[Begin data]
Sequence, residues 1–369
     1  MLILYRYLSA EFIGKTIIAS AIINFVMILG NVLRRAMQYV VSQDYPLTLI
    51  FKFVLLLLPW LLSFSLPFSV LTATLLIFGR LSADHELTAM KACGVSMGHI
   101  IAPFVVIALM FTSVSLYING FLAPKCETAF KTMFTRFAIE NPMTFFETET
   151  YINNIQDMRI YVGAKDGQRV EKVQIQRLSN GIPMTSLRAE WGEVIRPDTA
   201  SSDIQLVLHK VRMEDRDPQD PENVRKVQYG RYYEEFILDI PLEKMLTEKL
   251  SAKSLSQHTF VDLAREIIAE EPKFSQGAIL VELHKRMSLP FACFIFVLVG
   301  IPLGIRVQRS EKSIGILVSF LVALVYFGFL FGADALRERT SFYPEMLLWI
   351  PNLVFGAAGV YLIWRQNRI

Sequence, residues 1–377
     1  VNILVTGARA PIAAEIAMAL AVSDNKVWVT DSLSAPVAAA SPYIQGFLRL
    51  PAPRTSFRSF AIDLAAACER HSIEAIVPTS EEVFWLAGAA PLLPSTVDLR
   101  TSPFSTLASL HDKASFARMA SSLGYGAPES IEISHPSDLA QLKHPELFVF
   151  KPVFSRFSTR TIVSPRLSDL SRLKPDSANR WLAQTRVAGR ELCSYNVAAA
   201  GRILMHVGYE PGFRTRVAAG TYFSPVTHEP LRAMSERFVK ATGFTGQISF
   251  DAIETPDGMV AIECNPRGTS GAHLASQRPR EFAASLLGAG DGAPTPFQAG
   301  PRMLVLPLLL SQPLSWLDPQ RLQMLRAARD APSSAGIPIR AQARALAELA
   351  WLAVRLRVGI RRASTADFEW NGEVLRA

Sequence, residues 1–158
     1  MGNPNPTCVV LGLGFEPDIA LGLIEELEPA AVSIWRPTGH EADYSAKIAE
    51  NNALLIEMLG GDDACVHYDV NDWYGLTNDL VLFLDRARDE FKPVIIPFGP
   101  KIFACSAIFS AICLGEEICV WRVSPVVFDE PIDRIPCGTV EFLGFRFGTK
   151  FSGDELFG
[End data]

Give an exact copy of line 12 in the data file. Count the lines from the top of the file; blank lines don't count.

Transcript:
    51  PAPRTSFRSF AIDLAAACER HSIEAIVPTS EEVFWLAGAA PLLPSTVDLR